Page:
The UKSC blog addresses the issue of responsible reporting which I commented on the other day. It is a cause for concern.
MPs want to ban the naming of suspects to avoid media feeding frenzies
The Guardian: Bad press behaviour leads inevitably to politicians pushing for laws to curb press freedom. The flouting of the law of contempt (in the Joanna Yeates murder case, for example) has had an inevitable result.
As the attorney-general stood back from the last feeding frenzy of the tabloid and other sharks in the Yeates case – but now supports this action by MPs, I suppose the best that can be said is, better late than never. Freedom of speech comes at a price where issues of a fair trial are concerned. I would rather have the fair trial. Comment (and newspaper and media profits will just have to wait until the jury or magistrates apply due process.
An interesting clarification of open justice and the need for restraint from the Court of Appeal in JIH – and – NEWS GROUP NEWSPAPERS LIMITED  EWCA Civ 42
The Master of The Rolls
Open justice and the need for restraint
19. The cardinal importance of open justice is demonstrated by what is stated in Article 6 of the Convention. But it has long been a feature of the common law. It was famously articulated in the speeches in Scott v Scott  AC 417 – see particularly at  AC 417, 438, 463 and 477, per Lord Haldane LC, Lord Atkinson, and Lord Shaw of Dunfermline respectively. The point was perhaps most pithily made by Lord Atkinson when he said “in public trial is to be found, on the whole, the best security for the pure, impartial, and efficient administration of justice, the best means for winning for it public confidence and respect.” For a more recent affirmation of the principle, see R(Binyam Mohamed) v Secretary of State for Foreign and Commonwealth Affairs  EWCA Civ 65, paras 38-42, per Lord Judge CJ.
20. However, as with almost all fundamental principles, the open justice rule is not absolute: as is clear from Article 6, there will be individual cases, even types of cases, where it has to be qualified. In a case involving the grant of an injunction to restrain the publication of allegedly private information, it is, as I have indicated, rightly common ground that, where the court concludes that it is right to grant an injunction (whether on an interim or final basis) restraining the publication of private information, the court may then have to consider how far it is necessary to impose restrictions on the reporting of the proceedings in order not to deprive the injunction of its effect.
21. In a case such as this, where the protection sought by the claimant is an anonymity order or other restraint on publication of details of a case which are normally in the public domain, certain principles were identified by the Judge, and which, together with principles contained in valuable written observations to which I have referred, I would summarise as follows:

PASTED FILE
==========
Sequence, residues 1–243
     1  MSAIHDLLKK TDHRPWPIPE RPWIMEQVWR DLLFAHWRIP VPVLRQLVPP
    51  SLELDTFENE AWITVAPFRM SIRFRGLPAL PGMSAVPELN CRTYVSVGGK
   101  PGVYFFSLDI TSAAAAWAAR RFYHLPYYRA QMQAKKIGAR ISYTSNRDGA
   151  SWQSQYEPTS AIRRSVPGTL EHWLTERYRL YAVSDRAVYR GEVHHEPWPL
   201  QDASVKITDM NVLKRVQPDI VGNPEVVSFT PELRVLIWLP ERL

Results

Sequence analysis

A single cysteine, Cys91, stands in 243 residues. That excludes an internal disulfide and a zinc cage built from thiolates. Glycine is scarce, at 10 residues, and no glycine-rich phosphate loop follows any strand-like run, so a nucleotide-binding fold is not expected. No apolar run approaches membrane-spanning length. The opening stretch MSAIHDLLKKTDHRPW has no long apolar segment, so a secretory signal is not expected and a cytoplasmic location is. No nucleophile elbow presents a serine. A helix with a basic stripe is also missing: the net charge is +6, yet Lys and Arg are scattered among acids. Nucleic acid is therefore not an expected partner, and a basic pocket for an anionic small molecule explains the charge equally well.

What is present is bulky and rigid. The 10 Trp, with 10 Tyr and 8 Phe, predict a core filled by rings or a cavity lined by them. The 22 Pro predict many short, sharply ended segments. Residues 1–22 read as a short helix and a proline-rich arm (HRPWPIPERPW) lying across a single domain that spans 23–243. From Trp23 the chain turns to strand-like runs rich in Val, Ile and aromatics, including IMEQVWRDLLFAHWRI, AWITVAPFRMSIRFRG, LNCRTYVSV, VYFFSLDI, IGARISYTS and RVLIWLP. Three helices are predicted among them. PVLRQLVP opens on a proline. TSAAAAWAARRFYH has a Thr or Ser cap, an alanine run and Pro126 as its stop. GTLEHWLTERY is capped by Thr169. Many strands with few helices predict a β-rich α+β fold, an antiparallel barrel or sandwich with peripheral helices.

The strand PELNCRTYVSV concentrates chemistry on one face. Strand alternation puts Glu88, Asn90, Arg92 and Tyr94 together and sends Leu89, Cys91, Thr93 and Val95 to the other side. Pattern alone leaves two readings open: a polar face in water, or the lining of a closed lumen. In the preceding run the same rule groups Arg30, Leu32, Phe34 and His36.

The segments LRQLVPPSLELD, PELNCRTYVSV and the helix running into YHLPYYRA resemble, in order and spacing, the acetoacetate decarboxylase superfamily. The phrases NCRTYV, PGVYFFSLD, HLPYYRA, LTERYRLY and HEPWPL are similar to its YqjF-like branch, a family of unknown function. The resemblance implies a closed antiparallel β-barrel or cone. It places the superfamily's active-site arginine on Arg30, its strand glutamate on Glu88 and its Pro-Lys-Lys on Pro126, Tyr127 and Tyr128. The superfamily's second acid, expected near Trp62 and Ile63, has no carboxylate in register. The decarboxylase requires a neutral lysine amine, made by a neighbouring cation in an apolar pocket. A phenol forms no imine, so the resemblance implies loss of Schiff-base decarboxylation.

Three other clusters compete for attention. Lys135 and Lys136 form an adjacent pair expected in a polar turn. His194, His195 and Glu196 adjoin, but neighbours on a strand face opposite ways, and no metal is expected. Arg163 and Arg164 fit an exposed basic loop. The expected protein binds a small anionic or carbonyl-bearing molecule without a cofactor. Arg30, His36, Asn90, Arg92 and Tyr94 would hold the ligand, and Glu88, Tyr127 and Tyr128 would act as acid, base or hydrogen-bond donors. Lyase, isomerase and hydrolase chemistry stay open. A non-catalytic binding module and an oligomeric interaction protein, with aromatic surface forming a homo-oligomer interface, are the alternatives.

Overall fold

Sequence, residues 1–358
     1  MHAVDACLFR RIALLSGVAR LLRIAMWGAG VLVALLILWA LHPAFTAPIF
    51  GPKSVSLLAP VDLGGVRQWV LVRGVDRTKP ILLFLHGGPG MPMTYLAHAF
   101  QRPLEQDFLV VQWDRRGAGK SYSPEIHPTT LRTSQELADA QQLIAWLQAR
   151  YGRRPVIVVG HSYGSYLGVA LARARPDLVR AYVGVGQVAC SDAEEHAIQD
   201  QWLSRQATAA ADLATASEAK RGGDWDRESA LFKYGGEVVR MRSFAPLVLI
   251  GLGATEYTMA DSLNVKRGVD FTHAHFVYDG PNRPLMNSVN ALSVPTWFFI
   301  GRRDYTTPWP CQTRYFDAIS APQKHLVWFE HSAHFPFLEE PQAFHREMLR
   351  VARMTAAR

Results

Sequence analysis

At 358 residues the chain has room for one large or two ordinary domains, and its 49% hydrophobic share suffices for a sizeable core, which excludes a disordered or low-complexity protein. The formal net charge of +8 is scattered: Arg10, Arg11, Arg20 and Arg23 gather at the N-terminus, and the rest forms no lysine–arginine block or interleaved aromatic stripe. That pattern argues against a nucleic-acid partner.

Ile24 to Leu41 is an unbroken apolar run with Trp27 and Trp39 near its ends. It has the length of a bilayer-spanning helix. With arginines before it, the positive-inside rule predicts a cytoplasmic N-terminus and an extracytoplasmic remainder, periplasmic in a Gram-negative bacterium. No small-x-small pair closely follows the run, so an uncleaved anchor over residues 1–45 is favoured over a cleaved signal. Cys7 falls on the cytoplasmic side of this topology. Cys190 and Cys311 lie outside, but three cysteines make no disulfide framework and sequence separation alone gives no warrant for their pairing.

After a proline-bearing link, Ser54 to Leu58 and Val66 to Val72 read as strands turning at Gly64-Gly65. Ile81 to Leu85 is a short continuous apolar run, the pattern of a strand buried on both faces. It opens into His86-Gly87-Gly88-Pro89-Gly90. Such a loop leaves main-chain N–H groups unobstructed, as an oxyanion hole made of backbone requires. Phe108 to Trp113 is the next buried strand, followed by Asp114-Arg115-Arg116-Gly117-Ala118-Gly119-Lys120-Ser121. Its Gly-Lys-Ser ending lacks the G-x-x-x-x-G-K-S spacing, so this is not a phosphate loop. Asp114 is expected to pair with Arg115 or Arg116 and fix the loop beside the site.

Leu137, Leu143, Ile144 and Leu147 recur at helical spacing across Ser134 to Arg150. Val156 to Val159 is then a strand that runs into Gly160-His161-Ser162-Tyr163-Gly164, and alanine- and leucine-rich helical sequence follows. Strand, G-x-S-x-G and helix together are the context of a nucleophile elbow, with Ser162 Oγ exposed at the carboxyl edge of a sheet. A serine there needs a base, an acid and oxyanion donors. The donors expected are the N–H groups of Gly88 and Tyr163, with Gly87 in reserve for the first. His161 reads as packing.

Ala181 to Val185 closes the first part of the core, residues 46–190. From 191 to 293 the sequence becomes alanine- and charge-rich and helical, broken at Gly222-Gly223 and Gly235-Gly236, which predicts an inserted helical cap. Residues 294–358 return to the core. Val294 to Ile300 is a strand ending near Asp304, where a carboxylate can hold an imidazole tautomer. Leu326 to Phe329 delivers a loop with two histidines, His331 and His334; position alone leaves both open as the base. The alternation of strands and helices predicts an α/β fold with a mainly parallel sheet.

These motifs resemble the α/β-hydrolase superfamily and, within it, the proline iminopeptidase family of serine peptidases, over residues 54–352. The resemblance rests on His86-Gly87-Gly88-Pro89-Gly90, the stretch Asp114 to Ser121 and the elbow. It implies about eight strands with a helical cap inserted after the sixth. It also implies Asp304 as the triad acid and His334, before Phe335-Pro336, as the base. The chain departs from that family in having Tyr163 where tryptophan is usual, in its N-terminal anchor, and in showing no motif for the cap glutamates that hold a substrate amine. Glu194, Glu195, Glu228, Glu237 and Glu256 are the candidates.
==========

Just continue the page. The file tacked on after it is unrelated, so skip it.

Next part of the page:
(1) The general rule is that the names of the parties to an action are included in orders and judgments of the court.
(2) There is no general exception for cases where private matters are in issue.
(3) An order for anonymity or any other order restraining the publication of the normally reportable details of a case is a derogation from the principle of open justice and an interference with the Article 10 rights of the public at large.
(4) Accordingly, where the court is asked to make any such order, it should only do so after closely scrutinising the application, and considering whether a degree of restraint on publication is necessary, and, if it is, whether there is any less restrictive or more acceptable alternative than that which is sought.
(5) Where the court is asked to restrain the publication of the names of the parties and/or the subject matter of the claim, on the ground that such restraint is necessary under Article 8, the question is whether there is sufficient general, public interest in publishing a report of the proceedings which identifies a party and/or the normally reportable details to justify any resulting curtailment of his right and his family’s right to respect for their private and family life.
(6) On any such application, no special treatment should be accorded to public figures or celebrities: in principle, they are entitled to the same protection as others, no more and no less.
(7) An order for anonymity or for reporting restrictions should not be made simply because the parties consent: parties cannot waive the rights of the public.
(8) An anonymity order or any other order restraining publication made by a Judge at an interlocutory stage of an injunction application does not last for the duration of the proceedings but must be reviewed at the return date.
(9) Whether or not an anonymity order or an order restraining publication of normally reportable details is made, then, at least where a judgment is or would normally be given, a publicly available judgment should normally be given, and a copy of the consequential court order should also be publicly available, although some editing of the judgment or order may be necessary.
(10) Notice of any hearing should be given to the defendant unless there is a good reason not to do so, in which case the court should be told of the absence of notice and the reason for it, and should be satisfied that the reason is a good one.